‘If racism is the agenda,’ warns Kee, then black theology becomes redundant with the end of apartheid’ (2008:87). Racism is based on identifying characteristics that distinguish different ‘races’ such as skin colour, eye colour and type of hair, customs, language, religious beliefs and more. Racism was one of the forms or faces of apartheid but its roots lay much deeper. Apartheid was a social construct in which self-approbation emerged from the negative valuation of the other. It is illogical that racism can only be a personal matter because to make a generalisation requires the presence or consideration of a group; therefore racism is a social matter. Racism as a social system relies on its ability to define the other.28 ‘The act of definition requires the exercise of the power of one group over another’ (Nothwehr 2010:119). It is the fact of definition that set up a dependency of blacks on the dominant other – whites – for their social identity that is at the root of the social construction of apartheid. In this regard, Motlhabi asserts: ‘Racism as such is not the real poison in inter-personal relations. It is that for which racism exists, that is the vast discrepancies in the distribution of power’ (Motlhabi, in Kee 2008:86). Behind the face of apartheid was an authoritarianism and a social structure in which some people regarded themselves as superior. Such people believed they have the right to exercise control over the lives of others by virtue of the position they hold within the social structure. Racism was the legitimation of unequal power relations, of dominance as a relationship that provided a semblance of content for apartheid. It would be superficial to think that the end of apartheid would radically alter relations of power and advantage, because it is through social structures that inequalities in power are perpetuated. It was these power inequalities that perpetuated the institution of apartheid at a deeper ideological level. As Kee puts it: ‘In tracing the origin of oppression back to interest and relations of power, black theology roots oppression in the economic base of society’ (2008:87). It is the defining of one’s own culture as being superior and the other as inferior that provides the rationale and justification for unjust legal, social and political discrimination and oppression. Nothwehr expresses it as follows: ‘Racism in the broad sense is self-valuation through the devaluation of the other’ (cf 2010:120), that is, it is based on identifying a particular biological or other characteristic to define the self as superior in relation to the other, who is defined as inferior. In a narrow sense, racism is a focus on biological difference or specific traits that are given to devised paradigms called ‘races’ (Nothwehr 2010:119–120). ‘The particular characteristic defining inferiority and superiority’, he maintains, ‘are indelibly stamped into the very body of the other and thus cannot be changed through any form of assimilation into the “superior” way of being or culture’ (Nothwehr 2010:121). The roots of racism can be overcome only through the restoration of human dignity and black identity.29 For black theology in South Africa to recover its loss of black identity, it will require a collective struggle for the reconstruction of black solidarity but without ‘race’ as a viable biological concept.30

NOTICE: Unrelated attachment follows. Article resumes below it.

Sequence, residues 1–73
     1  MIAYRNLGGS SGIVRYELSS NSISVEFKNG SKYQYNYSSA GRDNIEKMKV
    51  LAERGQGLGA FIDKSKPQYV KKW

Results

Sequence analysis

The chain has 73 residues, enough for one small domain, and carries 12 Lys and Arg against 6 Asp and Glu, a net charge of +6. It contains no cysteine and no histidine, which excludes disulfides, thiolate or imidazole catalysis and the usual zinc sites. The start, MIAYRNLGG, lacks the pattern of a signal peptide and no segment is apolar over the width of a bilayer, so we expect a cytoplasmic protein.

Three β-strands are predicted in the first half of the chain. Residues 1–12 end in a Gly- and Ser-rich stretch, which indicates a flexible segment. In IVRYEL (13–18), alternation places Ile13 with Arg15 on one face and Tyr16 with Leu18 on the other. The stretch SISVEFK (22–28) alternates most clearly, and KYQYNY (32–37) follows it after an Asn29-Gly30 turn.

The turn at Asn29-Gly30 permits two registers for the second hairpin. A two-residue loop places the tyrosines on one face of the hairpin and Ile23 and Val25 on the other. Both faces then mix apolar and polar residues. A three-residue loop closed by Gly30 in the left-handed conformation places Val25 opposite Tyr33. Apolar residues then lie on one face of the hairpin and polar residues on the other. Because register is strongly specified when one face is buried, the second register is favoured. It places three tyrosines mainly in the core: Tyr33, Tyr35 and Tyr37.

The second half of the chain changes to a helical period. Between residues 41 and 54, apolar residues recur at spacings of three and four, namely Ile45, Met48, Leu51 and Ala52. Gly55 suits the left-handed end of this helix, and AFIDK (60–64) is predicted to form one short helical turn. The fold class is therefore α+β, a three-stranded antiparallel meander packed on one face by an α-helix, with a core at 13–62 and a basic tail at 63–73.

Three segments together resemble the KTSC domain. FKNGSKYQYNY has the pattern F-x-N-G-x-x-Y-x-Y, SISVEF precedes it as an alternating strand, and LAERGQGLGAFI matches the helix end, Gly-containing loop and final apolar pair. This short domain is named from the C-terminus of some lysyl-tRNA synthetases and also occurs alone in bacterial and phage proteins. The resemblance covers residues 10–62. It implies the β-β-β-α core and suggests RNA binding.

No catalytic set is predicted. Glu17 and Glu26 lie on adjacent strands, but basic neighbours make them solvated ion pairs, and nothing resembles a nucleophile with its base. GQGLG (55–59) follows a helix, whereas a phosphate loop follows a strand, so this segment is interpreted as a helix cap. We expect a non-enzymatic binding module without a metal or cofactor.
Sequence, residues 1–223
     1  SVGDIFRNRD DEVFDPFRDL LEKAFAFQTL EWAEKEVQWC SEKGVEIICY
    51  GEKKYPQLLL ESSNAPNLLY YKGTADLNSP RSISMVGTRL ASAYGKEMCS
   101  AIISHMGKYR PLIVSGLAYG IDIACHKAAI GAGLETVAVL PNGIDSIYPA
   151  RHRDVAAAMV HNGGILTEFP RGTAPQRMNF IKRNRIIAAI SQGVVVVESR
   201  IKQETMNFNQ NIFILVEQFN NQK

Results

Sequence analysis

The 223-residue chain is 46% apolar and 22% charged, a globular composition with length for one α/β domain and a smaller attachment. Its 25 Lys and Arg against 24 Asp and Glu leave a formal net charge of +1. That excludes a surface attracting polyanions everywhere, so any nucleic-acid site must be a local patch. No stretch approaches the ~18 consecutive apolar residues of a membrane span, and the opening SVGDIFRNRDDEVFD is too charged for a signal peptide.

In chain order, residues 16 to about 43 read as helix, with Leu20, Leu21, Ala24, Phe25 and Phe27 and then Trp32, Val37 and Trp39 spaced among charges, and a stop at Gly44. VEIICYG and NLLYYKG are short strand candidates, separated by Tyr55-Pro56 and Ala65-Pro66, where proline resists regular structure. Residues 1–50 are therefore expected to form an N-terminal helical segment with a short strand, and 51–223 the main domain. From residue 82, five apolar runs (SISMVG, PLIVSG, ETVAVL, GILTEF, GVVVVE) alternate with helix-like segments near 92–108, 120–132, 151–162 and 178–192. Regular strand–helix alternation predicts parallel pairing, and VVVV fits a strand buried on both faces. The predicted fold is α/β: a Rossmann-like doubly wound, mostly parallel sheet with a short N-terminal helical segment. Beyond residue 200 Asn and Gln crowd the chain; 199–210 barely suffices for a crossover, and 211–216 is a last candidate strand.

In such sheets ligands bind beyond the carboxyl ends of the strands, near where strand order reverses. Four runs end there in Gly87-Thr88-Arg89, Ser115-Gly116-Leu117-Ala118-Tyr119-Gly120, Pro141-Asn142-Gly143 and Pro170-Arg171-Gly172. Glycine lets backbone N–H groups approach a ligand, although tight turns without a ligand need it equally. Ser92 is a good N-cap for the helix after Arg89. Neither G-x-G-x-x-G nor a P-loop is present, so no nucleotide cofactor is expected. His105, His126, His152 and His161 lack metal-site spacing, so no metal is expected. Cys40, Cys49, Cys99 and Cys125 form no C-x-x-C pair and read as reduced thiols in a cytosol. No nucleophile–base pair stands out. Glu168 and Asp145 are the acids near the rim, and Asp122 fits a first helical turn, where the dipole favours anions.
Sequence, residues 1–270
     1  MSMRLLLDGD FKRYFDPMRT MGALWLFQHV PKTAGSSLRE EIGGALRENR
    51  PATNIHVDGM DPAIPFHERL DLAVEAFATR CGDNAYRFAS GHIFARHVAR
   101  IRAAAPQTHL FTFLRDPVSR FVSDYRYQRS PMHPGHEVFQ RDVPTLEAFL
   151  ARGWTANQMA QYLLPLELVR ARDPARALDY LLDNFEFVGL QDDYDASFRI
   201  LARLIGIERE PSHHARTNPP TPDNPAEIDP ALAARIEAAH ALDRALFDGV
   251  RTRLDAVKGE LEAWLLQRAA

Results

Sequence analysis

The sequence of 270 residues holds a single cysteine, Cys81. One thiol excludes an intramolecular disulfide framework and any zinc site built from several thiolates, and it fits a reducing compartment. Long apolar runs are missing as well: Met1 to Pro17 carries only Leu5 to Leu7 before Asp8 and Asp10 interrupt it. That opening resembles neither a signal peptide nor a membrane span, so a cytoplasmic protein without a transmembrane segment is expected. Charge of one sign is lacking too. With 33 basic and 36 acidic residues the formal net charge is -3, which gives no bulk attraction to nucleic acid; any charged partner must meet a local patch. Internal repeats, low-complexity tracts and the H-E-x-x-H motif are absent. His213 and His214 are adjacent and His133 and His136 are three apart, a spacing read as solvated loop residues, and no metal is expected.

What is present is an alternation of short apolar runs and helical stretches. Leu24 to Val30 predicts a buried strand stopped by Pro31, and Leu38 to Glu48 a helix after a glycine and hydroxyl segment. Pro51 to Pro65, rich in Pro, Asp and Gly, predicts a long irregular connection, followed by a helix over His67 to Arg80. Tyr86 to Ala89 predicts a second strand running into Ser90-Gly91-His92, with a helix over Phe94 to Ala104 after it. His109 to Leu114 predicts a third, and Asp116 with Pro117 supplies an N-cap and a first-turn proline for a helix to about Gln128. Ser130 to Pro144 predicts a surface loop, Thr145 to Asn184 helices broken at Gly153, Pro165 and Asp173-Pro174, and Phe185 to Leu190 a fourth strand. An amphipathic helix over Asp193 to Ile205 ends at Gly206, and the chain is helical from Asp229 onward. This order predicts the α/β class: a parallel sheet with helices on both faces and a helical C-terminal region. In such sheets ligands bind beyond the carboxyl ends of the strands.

Kairos theology and the post-apartheid relevance of black theology in South Africa